oracle cloud vpc

Allow ICMP (ping) in Oracle Cloud

Oracle cloud do not allow ICMP/ping to compute instances. To enable ping, you need to enable ICMP in the security group.

On your compute instance details page, you will see “Virtual Cloud Network”.

oracle cloud vpc

Click on Virtual Cloud Network link, that will take you to page with VPC details.

Oracle Virtual Cloud Network

Scroll down, you will see subnet.

Oracle Cloud Public Subnet

Click on Public Subnet, on next page, it shows details about the subnet. Under Security Lists, you will see Default Security List for VirtualCloudNetwork. Click on it to see your firewall rules.

oracle cloud ingress rules

Click Add Ingress Rules button to add new rule. By default port 22 (SSH) allowed from everyone. ICMP was blocked for everyone (rule 2 and 3).

To allow ICMP, you can add a new Rule for ICMP.

Oracle Cloud Add Ingress Rule

On Add Ingress Rules page, select

Click Add Ingress Rules button. Now you should be able to ping to any compute instances on this VPC. It is safe to remove 2 of the existing ICMP rules or edit them instead of adding new rule.

See Oracle Cloud

Amazon S3 CORS

To enable CORS for Amazon S3 bucket, add

Google Cloud SQL

Google Cloud SQL

To create a Google Cloud SQL database, run

INSTANCE_NAME_HERE = this can be anything, lowercase letters, 0-9, for identification purpose only.

db-n1-standard-1 => this is size of the server, you can change it as needed.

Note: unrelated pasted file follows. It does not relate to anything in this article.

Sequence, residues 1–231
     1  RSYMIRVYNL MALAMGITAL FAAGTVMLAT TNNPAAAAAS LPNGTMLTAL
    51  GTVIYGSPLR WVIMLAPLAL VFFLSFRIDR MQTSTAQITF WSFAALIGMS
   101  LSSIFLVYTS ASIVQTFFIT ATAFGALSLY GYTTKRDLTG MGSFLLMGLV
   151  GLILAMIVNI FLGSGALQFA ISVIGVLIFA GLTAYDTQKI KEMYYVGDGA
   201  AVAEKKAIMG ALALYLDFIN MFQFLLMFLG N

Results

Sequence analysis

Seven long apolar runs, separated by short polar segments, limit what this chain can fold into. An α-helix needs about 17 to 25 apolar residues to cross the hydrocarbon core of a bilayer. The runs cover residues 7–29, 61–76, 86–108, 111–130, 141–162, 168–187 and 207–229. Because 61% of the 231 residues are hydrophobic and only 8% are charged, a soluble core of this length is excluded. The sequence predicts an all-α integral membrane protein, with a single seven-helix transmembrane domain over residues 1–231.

To create a Database, run

To create a User, run

To list all google cloud SQL instances, run

Google Cloud SQL

To list all databases in a Google Cloud SQL server, run

list databases in google cloud sql

To connect to Google Cloud SQL database, run

This will open firewall rule and add your IP so you can connect to Google Cloud SQL server.

Set Permanant hostname on AWS EC2 CentOS 7 server

On AWS EC2 when you boot, hostname set something like

To chaneg this, run


To disable change of hostname, run

Now reboot your server with


Resize Amazon EC2 Boot Disk

Once you resize disk in Amazon AWS console, it get auto resized on reboot. Some times this won’t happen, you have to manually resize the disk.

To resize disk, do the following.

1) Take a snapshot of the disk
2) Create a new server in same availability zone as current server. Lets call it tmpServer.
3) Shutdown tmpServer.
4) Shutdown the server that need disk resized. Lets call it mainServer. Make sure you have Elastic IP, if not shutting down changes IP of the server.
5) Detach the disk.
6) Attack the disk in tmpServer as /dev/xvdf
7) Start tmpServer.

Login to tempServer and do the following.

Resize Partition

Firt find the devices

In this cause /dev/xvdf is the disk that need to be resized. Current Size is approx 107 GB.

To see free disk space on this disk, run

There is 21.5GB free space on the disk.

To grow partition 1 to use up remaining disk space, run command

Verify free disk space after. Now you see there is not much free disk space left after partition 1.

Resize FileSystem

Resize file system depends on the type of file system you are using. For ext4, do the folllowing.

Check disk using e2fsck

If any errors found, you will be asked to press “y” to fix the errors. After e2fsck run, you can reszie filesystem with command

You have completed resizeing the disk. All you need to do now is

8) Shutdown tmpServer
9) Detact the disk from tmpServer (/dev/xvdf)
10) Attach the disk on original server mainServer as /dev/sda1.

11) start the mainServer.